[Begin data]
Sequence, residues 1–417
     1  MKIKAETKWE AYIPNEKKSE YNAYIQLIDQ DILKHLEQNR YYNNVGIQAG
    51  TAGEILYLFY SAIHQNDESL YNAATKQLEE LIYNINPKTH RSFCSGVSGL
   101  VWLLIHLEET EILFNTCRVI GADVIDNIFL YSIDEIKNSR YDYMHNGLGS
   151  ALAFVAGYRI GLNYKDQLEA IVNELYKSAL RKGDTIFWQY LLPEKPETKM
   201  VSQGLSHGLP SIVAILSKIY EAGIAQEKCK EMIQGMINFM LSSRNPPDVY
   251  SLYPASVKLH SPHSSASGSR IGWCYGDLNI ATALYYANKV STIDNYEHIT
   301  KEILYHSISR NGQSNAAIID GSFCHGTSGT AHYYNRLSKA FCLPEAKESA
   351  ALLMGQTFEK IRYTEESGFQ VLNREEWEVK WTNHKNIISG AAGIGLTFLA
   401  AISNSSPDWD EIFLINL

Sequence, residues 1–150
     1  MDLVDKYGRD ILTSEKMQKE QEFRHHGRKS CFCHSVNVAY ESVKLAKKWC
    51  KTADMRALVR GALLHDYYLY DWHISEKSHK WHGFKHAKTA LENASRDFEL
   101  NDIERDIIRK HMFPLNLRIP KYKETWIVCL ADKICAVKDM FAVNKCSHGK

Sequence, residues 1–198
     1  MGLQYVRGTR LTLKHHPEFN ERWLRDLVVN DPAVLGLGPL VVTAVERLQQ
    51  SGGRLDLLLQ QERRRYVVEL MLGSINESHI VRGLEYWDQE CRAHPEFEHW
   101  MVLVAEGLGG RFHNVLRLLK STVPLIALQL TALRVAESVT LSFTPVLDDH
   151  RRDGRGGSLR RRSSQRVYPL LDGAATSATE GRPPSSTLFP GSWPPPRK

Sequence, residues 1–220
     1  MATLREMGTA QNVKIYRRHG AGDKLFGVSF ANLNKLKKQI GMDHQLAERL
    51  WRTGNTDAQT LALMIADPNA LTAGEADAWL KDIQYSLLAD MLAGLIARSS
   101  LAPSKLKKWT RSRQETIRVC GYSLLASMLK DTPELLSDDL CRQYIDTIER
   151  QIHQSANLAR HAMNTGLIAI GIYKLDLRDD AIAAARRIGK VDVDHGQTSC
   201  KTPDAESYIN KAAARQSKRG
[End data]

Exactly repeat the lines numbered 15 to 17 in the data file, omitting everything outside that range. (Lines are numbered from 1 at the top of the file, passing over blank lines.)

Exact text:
Sequence, residues 1–198
     1  MGLQYVRGTR LTLKHHPEFN ERWLRDLVVN DPAVLGLGPL VVTAVERLQQ
    51  SGGRLDLLLQ QERRRYVVEL MLGSINESHI VRGLEYWDQE CRAHPEFEHW